Many people think that the criminalisation of some drugs is an unjust infringement of their freedom and that the government has no business interfering in their private lives. For example, if a person were to smoke cannabis in the privacy of their own home it does no direct harm to other people and so it ought not to be illegal. The argument runs something like this:
- Governments exist to protect the rights and freedoms of their people.
- Therefore laws should protect rights and freedoms of all.
- Laws against drugs stop me from being free but have no benefit to others.
- So, drugs (which do no direct harm to others) should not be illegal.
However, the argument is not so straightforward. The Government responds that:
- Many drugs which are illegal do harm other people, even if you don’t realise it.
- It is therefore the Government’s job to make them illegal in order to stop us (unknowingly) harming others.
For example, I might think that smoking cannabis in my own home does not harm others but it does create a demand for cannabis, which feeds an illegal drug trade and might lead to violence and suffering in the support of that trade.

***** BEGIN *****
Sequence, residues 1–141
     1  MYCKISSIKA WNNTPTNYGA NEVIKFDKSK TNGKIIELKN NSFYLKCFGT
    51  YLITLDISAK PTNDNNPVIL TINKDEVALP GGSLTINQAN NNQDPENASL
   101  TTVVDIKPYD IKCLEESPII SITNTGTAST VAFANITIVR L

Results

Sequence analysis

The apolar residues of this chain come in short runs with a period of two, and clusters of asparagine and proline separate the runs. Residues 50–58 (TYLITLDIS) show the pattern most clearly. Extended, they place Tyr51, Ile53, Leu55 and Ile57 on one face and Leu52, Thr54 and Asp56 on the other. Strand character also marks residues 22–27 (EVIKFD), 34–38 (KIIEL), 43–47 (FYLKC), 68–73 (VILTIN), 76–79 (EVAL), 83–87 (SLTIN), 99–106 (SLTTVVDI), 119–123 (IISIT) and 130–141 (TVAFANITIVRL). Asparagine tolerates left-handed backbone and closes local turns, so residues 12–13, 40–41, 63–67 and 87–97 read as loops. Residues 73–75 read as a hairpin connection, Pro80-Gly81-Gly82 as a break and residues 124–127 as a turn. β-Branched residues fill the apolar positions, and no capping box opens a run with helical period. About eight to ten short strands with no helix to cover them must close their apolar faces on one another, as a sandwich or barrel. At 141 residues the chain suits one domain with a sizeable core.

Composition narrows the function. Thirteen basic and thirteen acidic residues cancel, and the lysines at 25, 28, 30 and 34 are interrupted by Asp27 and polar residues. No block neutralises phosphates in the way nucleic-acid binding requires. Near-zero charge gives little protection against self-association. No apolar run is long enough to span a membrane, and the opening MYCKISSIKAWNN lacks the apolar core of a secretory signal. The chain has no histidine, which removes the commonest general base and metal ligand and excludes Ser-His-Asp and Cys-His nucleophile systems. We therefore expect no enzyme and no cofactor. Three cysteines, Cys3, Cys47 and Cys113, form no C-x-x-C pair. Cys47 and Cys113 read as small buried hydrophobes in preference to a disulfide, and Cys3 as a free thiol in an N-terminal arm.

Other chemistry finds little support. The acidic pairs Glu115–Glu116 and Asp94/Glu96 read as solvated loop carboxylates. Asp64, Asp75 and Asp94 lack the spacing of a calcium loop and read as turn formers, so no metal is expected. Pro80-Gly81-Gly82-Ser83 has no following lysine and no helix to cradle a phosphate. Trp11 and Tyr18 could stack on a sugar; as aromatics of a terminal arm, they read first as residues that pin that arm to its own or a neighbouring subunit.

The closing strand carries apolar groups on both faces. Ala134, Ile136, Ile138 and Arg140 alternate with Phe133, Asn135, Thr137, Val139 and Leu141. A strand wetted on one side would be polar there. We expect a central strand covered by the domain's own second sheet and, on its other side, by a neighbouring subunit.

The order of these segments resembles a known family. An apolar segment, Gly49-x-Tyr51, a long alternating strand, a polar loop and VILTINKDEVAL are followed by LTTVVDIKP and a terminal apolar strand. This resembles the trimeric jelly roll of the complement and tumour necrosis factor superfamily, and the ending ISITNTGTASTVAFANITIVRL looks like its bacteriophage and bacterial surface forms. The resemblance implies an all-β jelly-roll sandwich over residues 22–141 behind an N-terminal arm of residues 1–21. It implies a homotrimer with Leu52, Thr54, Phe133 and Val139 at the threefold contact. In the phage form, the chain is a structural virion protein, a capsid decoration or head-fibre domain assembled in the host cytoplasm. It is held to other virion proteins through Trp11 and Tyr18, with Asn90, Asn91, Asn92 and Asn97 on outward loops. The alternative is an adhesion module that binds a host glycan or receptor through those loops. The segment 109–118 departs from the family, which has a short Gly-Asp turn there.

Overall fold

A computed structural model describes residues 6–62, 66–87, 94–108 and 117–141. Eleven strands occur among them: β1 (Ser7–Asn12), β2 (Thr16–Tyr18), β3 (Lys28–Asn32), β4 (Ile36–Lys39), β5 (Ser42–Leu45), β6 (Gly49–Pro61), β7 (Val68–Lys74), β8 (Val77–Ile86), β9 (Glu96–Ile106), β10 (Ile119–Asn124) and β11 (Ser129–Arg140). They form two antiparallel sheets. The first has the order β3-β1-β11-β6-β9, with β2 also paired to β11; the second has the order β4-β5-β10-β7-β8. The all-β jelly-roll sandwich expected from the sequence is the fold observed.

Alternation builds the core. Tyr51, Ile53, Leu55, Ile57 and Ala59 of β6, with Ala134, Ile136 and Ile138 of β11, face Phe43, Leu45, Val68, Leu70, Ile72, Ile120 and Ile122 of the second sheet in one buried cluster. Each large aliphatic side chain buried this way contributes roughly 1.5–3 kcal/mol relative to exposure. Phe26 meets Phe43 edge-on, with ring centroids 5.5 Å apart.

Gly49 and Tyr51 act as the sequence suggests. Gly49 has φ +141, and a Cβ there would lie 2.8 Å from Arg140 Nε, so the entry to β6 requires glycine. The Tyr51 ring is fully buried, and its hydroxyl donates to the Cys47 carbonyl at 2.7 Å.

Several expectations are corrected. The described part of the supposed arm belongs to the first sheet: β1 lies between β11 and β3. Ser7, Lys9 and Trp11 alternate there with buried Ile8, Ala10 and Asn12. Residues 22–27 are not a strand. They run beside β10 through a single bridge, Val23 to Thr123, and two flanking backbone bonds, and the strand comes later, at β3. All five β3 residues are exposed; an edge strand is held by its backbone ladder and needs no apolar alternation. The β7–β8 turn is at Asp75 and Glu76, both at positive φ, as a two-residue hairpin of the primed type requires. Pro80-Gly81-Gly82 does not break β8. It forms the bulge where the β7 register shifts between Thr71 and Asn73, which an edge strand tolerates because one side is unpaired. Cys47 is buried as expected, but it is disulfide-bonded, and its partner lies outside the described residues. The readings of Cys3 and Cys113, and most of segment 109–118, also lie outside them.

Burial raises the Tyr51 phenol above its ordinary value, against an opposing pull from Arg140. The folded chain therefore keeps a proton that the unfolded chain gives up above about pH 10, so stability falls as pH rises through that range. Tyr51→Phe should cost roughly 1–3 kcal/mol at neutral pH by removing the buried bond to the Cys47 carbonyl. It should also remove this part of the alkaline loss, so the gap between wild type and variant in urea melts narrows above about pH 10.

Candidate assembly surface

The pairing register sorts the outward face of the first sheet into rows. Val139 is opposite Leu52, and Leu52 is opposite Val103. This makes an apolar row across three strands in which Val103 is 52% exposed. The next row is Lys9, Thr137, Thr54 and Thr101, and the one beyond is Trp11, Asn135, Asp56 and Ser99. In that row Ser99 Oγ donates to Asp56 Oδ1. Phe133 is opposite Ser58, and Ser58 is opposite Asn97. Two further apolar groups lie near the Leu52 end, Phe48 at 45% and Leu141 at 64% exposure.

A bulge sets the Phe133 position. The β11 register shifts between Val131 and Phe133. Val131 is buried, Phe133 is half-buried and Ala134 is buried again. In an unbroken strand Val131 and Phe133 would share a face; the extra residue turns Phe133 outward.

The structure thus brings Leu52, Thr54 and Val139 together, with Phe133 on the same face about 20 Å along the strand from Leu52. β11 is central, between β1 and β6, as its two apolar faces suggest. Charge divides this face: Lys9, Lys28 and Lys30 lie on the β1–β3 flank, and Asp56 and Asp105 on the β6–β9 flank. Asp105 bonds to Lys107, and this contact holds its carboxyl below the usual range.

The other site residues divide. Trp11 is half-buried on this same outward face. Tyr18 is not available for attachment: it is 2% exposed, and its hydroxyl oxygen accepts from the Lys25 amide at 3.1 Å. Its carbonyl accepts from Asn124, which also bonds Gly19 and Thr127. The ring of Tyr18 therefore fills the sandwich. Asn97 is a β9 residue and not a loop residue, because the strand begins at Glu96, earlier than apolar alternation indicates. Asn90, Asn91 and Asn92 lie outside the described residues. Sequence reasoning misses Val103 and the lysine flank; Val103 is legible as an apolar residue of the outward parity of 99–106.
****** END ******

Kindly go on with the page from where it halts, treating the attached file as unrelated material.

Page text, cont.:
The Economic Argument
Many others, like the economist Milton Friedman, argues that we should legalise drugs as we could make more money for the economy through the legal regulation of drugs than we currently do through their being illegal. If you think about the massive amounts of tax raised on cigarettes or alcohol (about 80% of the cost of a packet of cigarettes is tax!) then we could raise similar amounts by legalising and taxing drugs. In the case of cigarettes the revenue (tax money) raised more than pays for the bill to the NHS for Smoking related illnesses, the same could be true for recreational drugs.
The counter argument is that some things are not about money. Use of these drugs is damaging in more than an economic way and thus banning them might cost us money but there are more important things – see the religious responses to drug use on this.